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Job Search Tips for International Students

Strategy

According to the Institute of International Education (www.iie.org), there were almost 725,000 international students studying in the United States in 2011, a 32 percent increase compared to a decade ago. While it can be relatively easy for international student to find a school to attend in the U.S., getting a job here is a very different story.

Job Search Tips for International Students image shutterstock 43200085 300x199Each year, the U.S. government sets a cap on the number of H1-B visas it issues, the most recent cap for the 2013 fiscal year (FY) was 85,000 (65,000 regular, 20,000 advanced degree); and every year the limit is reached rather quickly, after opening the process April 1, the FY 2013 cap was reached in early June.

Besides the limited amount of visas, international students wanting to stay and work in the U.S. face other barriers – most difficult is finding companies that are open to hiring foreign workers, given the convoluted process and additional expenses involved.

What can an international student seeking employment in the U.S. do to improve his or her chances of finding a job here?

  1. Be open about your visa status upon getting an interview opportunity. You shouldn’t include your visa status on your resume. The best time in the process to bring it up is when you get the chance to actually talk to someone – so either during a phone screen or face-to-face interview.
  2. Target companies with the reputation for hiring H1-Bs. The website MyVisaJobs.com (www.myvisajobs.com) is a great resource for finding companies that hire H1-Bs.
  3. Target global or multi-national companies. Companies with an international footprint are going to have more experience and openness to hiring foreign workers.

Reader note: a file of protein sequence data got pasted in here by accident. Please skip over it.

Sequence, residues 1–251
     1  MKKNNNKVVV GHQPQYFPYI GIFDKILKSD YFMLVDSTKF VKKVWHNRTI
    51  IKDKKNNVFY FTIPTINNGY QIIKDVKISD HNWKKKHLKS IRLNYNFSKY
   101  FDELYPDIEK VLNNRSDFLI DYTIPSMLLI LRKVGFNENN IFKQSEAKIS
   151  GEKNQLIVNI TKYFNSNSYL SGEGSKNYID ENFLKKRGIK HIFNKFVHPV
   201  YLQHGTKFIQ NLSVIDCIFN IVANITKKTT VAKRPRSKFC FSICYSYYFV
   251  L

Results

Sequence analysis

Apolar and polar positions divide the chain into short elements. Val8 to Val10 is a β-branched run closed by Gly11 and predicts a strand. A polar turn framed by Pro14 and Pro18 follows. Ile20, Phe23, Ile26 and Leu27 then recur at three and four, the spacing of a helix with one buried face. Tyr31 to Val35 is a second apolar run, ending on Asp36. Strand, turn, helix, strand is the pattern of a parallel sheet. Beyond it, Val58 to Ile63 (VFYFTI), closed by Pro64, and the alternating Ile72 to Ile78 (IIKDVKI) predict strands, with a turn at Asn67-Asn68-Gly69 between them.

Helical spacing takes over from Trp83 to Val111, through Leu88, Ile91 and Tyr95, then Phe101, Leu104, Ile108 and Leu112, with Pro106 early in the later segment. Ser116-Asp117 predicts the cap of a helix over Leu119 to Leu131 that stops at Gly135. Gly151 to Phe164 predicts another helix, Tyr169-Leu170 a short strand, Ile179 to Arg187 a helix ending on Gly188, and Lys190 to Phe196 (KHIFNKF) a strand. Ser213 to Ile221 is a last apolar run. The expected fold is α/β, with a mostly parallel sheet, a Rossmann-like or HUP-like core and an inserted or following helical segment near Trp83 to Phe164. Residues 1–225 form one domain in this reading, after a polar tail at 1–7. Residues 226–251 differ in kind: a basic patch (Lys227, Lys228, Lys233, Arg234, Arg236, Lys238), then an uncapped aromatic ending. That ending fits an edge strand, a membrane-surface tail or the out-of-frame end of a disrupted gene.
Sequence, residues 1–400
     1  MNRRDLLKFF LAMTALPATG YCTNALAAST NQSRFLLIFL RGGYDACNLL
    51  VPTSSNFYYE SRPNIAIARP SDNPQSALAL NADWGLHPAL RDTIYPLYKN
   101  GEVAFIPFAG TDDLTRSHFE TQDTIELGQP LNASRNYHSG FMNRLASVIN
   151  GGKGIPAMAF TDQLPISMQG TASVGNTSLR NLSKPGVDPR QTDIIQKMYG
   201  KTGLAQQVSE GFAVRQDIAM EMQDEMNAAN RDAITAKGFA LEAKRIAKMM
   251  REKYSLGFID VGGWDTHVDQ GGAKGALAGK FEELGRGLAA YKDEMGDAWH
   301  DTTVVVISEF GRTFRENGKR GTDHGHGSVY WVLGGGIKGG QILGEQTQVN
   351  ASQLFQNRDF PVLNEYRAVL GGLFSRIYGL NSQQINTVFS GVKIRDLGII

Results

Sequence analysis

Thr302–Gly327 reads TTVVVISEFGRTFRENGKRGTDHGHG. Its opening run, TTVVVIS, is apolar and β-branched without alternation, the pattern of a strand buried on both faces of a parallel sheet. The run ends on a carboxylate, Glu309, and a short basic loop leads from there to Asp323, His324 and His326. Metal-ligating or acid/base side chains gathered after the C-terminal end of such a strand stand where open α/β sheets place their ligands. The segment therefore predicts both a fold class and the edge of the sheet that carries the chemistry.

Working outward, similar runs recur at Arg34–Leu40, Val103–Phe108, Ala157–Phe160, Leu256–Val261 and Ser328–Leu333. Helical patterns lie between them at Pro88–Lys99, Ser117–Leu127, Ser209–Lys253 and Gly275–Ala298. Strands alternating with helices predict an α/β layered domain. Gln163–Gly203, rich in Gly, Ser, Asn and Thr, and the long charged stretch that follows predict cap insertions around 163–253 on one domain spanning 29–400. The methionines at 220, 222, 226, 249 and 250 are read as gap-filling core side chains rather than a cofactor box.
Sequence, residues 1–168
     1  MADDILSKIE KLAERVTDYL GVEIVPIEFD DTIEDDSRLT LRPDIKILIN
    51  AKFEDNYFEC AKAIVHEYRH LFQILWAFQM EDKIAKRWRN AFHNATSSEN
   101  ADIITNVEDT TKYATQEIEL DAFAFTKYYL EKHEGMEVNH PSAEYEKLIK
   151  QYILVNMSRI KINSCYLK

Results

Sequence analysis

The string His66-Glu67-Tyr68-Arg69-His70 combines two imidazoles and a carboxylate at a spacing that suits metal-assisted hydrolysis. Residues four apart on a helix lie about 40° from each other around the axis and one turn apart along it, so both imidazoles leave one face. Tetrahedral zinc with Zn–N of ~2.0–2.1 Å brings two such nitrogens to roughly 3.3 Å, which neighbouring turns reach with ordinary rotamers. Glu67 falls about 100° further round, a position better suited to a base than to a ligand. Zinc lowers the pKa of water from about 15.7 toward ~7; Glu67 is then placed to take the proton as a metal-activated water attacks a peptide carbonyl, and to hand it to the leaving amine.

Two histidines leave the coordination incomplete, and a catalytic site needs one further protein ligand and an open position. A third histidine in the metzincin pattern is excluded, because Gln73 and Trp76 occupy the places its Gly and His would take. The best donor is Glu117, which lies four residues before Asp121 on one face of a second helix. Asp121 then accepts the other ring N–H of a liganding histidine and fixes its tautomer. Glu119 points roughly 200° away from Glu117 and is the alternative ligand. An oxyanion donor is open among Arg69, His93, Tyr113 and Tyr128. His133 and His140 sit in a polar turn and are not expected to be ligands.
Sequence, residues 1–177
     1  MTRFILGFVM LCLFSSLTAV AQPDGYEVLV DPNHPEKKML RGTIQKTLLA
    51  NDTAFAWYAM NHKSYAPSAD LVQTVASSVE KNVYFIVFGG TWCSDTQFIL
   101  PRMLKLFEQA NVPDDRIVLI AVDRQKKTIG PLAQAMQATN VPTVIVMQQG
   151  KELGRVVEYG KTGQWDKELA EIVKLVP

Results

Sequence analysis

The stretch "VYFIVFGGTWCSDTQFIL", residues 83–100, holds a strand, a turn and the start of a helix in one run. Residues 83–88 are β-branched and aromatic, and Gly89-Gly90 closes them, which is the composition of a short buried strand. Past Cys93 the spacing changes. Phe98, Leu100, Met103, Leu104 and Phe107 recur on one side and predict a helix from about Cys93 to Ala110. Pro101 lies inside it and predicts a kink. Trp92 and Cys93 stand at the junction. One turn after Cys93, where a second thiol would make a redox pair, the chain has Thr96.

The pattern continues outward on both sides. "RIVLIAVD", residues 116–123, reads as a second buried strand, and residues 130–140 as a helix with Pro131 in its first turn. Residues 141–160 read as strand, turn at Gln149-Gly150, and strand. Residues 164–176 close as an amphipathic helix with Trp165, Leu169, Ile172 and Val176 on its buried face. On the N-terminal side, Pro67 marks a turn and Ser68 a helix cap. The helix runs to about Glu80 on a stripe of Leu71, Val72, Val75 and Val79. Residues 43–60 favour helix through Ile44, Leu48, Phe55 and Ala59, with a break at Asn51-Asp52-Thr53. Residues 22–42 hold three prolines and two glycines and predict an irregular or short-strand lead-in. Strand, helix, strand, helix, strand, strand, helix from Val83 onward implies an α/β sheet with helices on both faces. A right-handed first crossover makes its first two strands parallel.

4. Target global or multi-national companies that are headquartered in your home country. The opportunity to work for the U.S. operations of a company based in your home nation can create excellent career paths for you should you want to transfer home.
  5. Pay for application and legal fees. If you can afford the fees involved in the H1-B visa application process, let potential employers know that you are willing and able to pay part or all of the fees. This will make companies with less financial resources, or less experience with this process, more willing to hire an H1-B.
  6. Use Career Services. Make your university’s career services department your new best friend. These folks are best-positioned to help you with your job search. They know which companies are willing to hire H1-Bs and can often connect you directly with recruiters.

Finding a job in the U.S. is not the easiest thing to do, but it’s absolutely doable. If you target your search and utilize resources like Career Services, you’ll greatly improve your chances of finding a job here. Good luck!

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Author:

Mike Spinale is a corporate Human Resources leader at a healthcare information technology company located outside of Boston, Massachusetts and is an adjunct professor at Southern New Hampshire University. He has over eight years of experience in HR and management including career counseling, recruitment, staffing, employment branding, and talent management. Mike has dedicated his HR career to modern views on the field – HR is not about the personnel files – it’s about bringing on the best talent, ensuring they’re in the right seat, and keeping them motivated and growing in their careers. In addition, Mike is the author of the CareerSpin blog where he offers advice and opinion on job search, personal & employment branding, recruiting, and HR. Mike is a certified Professional in Human Resources (PHR) and holds a Master of Business Administration degree from Babson College. He is also a board member of the Metro-North Regional Employment Board, a board which sets workforce development policy for Boston’s Metro-North region, and an active member of the Society for Human Resource Management and the Northeast Human Resources Association.

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